Transitioning to renewable energy is a vital part of achieving net zero. With the consumption of electricity being a major source of emissions for many, shifting to renewable energy tackles the problem. Overall, the transition requires a massive uptake. Sooner or later, everyone will be fighting for renewable energy sources.
In the long term there are simply not enough renewables in the pipeline to meet the demands of net zero committed business, so now is the time to sort out procurement once and for all.
Finding the right procurement options is not a straightforward process. The most common source of renewable energy currently used comes in the form of unbundled RECs (Renewable Energy Certificates) . These are certificates of clean energy which can be used to claim renewable energy use. However, these do little for reducing emissions in reality and have started to attract criticism.
A recent study found that the widespread corporate use of RECs is “unlikely to drive additional renewable energy production”, casting doubt on the ability to reach the Paris Agreement temperature goal of 1.5C1 .
This suggests that more RECs are being sold than there is actual renewable energy dedicated to RECs.
There has been a lot of attention on "additionality". Simply put, buying certificated renewable energy from an existing solar or wind farm does not decarbonise anything, it just displaces the credits. In contrast, large users such as data centres came up with the concept of additionality: by contracting with renewable developers at the project's early stages, they provide financial guarantees making the project viable. They enable additional renewable energy delivery to the grid mix, making it greener, and supporting the transition to net zero.
What RECs fail to do is to create any additionality. S&P states that the “transaction merely reshuffles existing renewable energy” and “it creates little to no additionality”, leaving the amount of renewable energy available unchanged2. Better options linking the procurement to local renewable projects, such as local energy companies working on solar or wind energy generation, seem reserved to very large users like Google.
Take the built environment sector. Buildings need vast quantities of energy to run, but how can property owners source the green energy they need to supply them? Nils Rage is Head of ESG at Stanhope, a property developer, asset manager and investor behind some of London’s most well-recognised areas, from White City Place and Television Centre to Broadgate and Chiswick Park. Stanhope is committed to leaving a positive and sustainable legacy in the buildings they build and run.
However, Nils identifies five key issues with the current renewable energy market:
Power Purchase Agreements (PPAs), agreements to purchase electricity directly from renewable energy generators, are unavailable to small players as their energy demand is not sufficient to meet the minimum purchasing threshold
It is difficult to have informed conversations about renewable electricity procurement beyond Renewable Energy Guarantees of Origin (REGOs), the scheme that provides transparency to renewably sourced electricity. For example, discussions should involve the locality of the energy source as it is more sustainable to source energy from a source as local as possible. One should also find out how much actual renewable energy can be guaranteed during consumption time versus how much of it will be from conventional non-renewable assets. These are important questions to ask to understand what is the actual carbon content of the ‘green’ contract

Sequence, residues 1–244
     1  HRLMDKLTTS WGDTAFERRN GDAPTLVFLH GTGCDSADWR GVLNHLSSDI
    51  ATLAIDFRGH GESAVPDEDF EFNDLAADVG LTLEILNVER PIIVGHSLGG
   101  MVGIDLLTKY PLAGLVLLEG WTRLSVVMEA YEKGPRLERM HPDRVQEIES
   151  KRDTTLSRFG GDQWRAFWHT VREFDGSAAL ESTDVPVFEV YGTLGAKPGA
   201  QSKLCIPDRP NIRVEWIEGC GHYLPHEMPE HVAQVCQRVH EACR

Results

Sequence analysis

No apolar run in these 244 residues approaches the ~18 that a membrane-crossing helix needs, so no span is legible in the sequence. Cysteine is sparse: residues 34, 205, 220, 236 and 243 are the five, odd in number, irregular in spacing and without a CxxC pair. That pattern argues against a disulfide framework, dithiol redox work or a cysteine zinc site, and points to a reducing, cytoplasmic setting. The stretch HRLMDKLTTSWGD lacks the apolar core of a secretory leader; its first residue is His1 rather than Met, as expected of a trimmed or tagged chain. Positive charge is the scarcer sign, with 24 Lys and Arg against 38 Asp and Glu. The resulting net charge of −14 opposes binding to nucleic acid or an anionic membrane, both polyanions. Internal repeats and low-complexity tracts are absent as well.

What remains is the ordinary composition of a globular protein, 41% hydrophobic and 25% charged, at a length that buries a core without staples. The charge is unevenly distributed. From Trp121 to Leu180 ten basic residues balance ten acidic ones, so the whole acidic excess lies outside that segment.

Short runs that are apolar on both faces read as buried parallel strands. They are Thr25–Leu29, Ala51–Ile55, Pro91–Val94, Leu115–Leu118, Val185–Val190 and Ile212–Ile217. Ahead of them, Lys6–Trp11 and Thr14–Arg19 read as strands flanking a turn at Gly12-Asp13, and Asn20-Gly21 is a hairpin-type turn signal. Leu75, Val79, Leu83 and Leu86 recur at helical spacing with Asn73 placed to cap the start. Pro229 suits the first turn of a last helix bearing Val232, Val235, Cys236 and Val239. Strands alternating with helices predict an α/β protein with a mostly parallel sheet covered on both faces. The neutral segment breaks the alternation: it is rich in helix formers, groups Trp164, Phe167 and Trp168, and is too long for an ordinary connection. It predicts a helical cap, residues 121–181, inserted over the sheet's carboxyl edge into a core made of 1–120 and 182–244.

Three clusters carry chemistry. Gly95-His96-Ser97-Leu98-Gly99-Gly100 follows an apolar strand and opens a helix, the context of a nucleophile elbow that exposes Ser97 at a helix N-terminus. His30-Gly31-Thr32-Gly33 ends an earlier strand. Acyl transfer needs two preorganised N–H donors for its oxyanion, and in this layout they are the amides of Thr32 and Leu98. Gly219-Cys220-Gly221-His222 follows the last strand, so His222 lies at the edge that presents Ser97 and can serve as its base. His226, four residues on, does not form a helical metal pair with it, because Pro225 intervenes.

Additionality is little to none; few energy providers are investing in new sources of green energy
Market maturity is problematic; generators and infrastructure lack the sophistication to match the energy demand with renewable supply in real-time
Little progress has been made on battery storage solutions to allow for a better guarantee of renewable energy 24/7
It is currently impossible to source 100% renewable energy in a physical, additional, time-matching manner. It takes the scale of a Google to attempt to pull it off and even there it is a work in progress3.
Nils believes there is a role for large energy users in the built environment sector committed to credible net zero pathways to signal this demand collectively to energy suppliers.
Credible renewable energy procurement will be a key differentiator of net zero carbon claims. However, energy consumers will also have to act accordingly, looking for solutions for better storage and flexibility between renewable energy sources.
There are already positive signs in the market . Suppliers are looking at ways to further enable and accelerate meaningful renewable contracts. The UKGBC has developed a Task Force to produce guidance on informed energy procurement decisions4. Meanwhile in France, ENGIE is now offering a PPA solution to a wider range of consumers, the first of its kind in the country5.
In a market where standards are rapidly evolving, pushed not only by global heavyweights like Google and Amazon but also through the ambitions and decisions of smaller businesses, market transformation happens and everyone’s a winner when energy users get informed, think ahead and demand a revolution.
1. Bjørn, A., Lloyd, S.M., Brander, M. et al. Renewable energy certificates threaten the integrity of corporate science-based targets. Nat. Clim. Chang. 12, 539–546 (2022). https://doi.org/10.1038/s41558-022-01379-5